Comparison of intravenous and topical lidocaine as a suppressant of coughing after bronchoscopy during general anesthesia


Dept. of Anesthesiology, University Hospital, Dk-8000 Aarhus, Denmark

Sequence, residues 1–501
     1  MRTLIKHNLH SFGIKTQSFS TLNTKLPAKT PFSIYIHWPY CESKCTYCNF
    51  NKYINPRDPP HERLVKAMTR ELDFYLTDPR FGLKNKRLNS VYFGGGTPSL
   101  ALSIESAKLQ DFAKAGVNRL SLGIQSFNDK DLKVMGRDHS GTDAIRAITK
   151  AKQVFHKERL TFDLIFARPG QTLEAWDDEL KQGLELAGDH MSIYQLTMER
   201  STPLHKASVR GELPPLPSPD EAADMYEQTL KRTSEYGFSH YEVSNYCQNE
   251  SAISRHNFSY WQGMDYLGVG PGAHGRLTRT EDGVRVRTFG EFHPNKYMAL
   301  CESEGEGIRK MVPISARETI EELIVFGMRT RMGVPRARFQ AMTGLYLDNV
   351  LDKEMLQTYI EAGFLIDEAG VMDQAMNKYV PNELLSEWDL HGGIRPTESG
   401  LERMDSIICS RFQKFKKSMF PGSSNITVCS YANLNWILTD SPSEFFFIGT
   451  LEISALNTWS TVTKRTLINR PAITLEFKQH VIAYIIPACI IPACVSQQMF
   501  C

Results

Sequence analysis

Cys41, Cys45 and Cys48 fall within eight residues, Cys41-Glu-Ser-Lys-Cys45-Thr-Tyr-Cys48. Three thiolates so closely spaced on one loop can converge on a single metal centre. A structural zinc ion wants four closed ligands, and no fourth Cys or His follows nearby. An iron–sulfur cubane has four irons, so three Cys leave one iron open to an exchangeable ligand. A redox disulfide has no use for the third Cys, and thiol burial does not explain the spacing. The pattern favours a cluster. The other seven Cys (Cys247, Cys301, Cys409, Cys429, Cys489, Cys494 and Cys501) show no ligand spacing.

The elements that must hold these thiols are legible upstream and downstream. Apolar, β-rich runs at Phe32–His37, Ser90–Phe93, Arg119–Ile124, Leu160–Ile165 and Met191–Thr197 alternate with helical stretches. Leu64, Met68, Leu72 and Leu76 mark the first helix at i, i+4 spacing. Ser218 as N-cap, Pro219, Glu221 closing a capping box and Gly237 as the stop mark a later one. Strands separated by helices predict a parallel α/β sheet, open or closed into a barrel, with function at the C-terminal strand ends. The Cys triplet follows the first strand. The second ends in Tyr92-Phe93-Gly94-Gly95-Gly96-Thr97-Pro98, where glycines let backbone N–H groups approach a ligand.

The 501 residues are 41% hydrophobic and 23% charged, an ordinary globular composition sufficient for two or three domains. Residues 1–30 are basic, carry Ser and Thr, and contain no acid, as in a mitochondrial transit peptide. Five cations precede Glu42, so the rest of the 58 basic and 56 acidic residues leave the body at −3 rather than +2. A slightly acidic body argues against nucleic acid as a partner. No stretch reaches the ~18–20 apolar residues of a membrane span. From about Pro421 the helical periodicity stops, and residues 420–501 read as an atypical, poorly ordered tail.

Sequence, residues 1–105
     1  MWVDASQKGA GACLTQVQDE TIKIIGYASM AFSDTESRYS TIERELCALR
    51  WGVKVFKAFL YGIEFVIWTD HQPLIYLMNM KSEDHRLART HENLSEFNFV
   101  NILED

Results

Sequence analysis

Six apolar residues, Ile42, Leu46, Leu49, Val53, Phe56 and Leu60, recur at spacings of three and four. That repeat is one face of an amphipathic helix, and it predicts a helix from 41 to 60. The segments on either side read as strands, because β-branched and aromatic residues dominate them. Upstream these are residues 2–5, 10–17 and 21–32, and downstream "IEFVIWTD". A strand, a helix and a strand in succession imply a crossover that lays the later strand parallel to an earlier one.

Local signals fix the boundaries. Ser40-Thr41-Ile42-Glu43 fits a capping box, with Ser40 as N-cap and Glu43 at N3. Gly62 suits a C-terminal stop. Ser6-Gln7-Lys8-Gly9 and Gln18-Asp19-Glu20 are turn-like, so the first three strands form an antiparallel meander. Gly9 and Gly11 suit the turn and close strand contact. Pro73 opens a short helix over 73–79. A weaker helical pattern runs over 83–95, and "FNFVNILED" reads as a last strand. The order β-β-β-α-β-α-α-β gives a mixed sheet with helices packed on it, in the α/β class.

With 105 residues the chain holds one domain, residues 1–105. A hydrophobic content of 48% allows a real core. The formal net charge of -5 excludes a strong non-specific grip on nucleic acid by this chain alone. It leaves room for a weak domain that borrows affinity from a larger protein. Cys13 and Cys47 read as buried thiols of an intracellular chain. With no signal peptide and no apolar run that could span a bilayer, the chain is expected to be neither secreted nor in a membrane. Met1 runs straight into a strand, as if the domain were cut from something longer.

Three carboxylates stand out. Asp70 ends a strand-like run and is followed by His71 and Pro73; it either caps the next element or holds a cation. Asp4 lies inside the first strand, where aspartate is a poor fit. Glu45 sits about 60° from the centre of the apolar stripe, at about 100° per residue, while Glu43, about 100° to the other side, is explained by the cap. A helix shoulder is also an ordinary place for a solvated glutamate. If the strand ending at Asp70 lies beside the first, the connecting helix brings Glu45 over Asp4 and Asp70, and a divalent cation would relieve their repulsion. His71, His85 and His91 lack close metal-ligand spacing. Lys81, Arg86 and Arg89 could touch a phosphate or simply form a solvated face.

Twenty-four consecutive patients scheduled for fiberbronchoscopy were randomized to receive double-blind either intravenous (1.5 mg/kg) or laryngotracheal (3 mg/kg) lidocaine to evaluate the influence on post-bronchoscopic laryngospasm, pain in the throat and coughing. Plasma lidocaine concentrations were analyzed 5, 15, 30 and 60 min after administration. None of the patients demonstrated laryngospasm or pain in the throat during the first hour after bronchoscopy. Patients receiving topical lidocaine coughed significantly more than patients receiving intravenous lidocaine, with a median number of coughs of 20 compared to 4, during the first hour (P<0.01). The plasma lidocaine concentrations were significantly higher after intravenous than after topical administration (P<0.001). After intravenous administration the plasma lidocaine concentrations exceeded the accepted level for potential toxicity in five out of 11 patients, but none of the patients developed toxic symptoms and no side-effects were observed.